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Chris Enciso Reno and Diana Enciso (Lopez) Reno came to the University of Wisconsin Oshkosh at different times, with different backgrounds and with plans to pursue different professions.

But both were first-generation college students who found a community in Oshkosh. They were both heavily involved on campus, emerging as leaders of student groups and organizing or taking part in a variety of multicultural events. So it makes sense that when Chris, who earned a physical education degree in 2015, and Diana, who graduated with bachelor’s degrees in accounting and French in 2018, started to bump into each other in the library or at different gatherings, they hit it off.

Now married and living in Milwaukee, Diana works as a tax senior at Ernst & Young (EY); and Chris is a physical education teacher at Hmong American Peace Academy. The two had such positive, life-changing experiences at UW Oshkosh that, while still in the early years of their careers, they felt it was important to give back to the institution that supported them, helped them find the resources they need and guided them on their paths to success.

“UW Oshkosh is not only focused on academics, but they’re also focused on preparing you for the real world,” said Diana, who was hired by EY after first having an internship with the firm—an example of real-world experience required by the College of Business before graduation.

Diana and Chris now are inaugural members of the UW Oshkosh Foundation Annual Giving Society—a way for them to help the University continue to provide those life-changing opportunities for students.

They’ve seen first-hand how the generosity of others can lift up students. Both came from low-income households.

Chris for years was raised in a single-parent household, and Diana is a child of immigrants. Through a combination of hard work, discipline, scholarships and other opportunities, they financially and academically reached their goals.

Now they are paying it forward. Their yearly donation of between $1,000 and $9,999 puts them in what’s known as the Titan Circle giving level. Other levels include the Dean Circle, for annual gifts of $10,000 to $24,999; and the Chancellor Circle, for annual gifts of more than $25,000.

The UW Oshkosh Advancement Office and the UW Oshkosh Foundation partnered to create the Annual Giving Society as a way to recognize alumni, parents, faculty, staff and friends who generously provide support to the University. These donors understand the importance of giving each year and how their contributions can continue to steer UWO forward.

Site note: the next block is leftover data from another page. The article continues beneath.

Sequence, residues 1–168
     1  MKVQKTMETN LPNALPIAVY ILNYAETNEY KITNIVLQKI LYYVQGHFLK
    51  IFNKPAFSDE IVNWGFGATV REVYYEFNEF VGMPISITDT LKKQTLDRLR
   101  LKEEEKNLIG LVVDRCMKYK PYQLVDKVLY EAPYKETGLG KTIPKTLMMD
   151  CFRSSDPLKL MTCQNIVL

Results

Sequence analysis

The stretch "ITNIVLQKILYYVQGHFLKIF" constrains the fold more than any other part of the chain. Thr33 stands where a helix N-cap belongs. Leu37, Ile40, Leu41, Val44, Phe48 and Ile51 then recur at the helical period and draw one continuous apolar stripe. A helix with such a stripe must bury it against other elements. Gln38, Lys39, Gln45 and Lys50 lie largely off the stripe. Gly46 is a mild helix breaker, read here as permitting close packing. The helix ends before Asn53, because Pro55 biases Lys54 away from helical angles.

The Annual Giving Society can help the University enhance student success, promote academic excellence and impact the community. The Advancement Office and Foundation hope to show appreciation to the annual donors, engaging with them on campus and creating a culture of involvement—and giving them a chance to see firsthand the benefits of their donations.

“We are very excited to roll out the UWO Foundation Annual Giving Society, which allows us the opportunity to recognize our donors for their annual and continued support to UWO and the students we serve,” said Lynn Kleman ‘86, MPA ‘17, executive director of development and special events.

Each giving level comes with a number of benefits, including visits with University leadership and Advancement staff and an invitation to an annual special donor recognition event.

“The giving society provides an opportunity to celebrate our donors in several different ways throughout the year. Each giving level offers unique experiences and opportunities for a donor to see the true impact of their gift by engaging with the students, faculty and leadership of UW Oshkosh.”

To learn more about the Annual Giving Society, visit

‘They have a story’

Diana Enciso (Lopez) Reno ’18, also launched her own scholarship to financially assist highly motivated undergraduate students pursuing a business degree. The scholarship gives preference to students who are first-generation, part of the Deferred Action for Childhood Arrivals program, international, a working parent, veteran or non-traditional and have financial need based on a statement.

“I tried to target individuals who on paper might not look like a high achiever for one reason or another,” she said, “but they have a story and they could use those funds.”

For more information, visit


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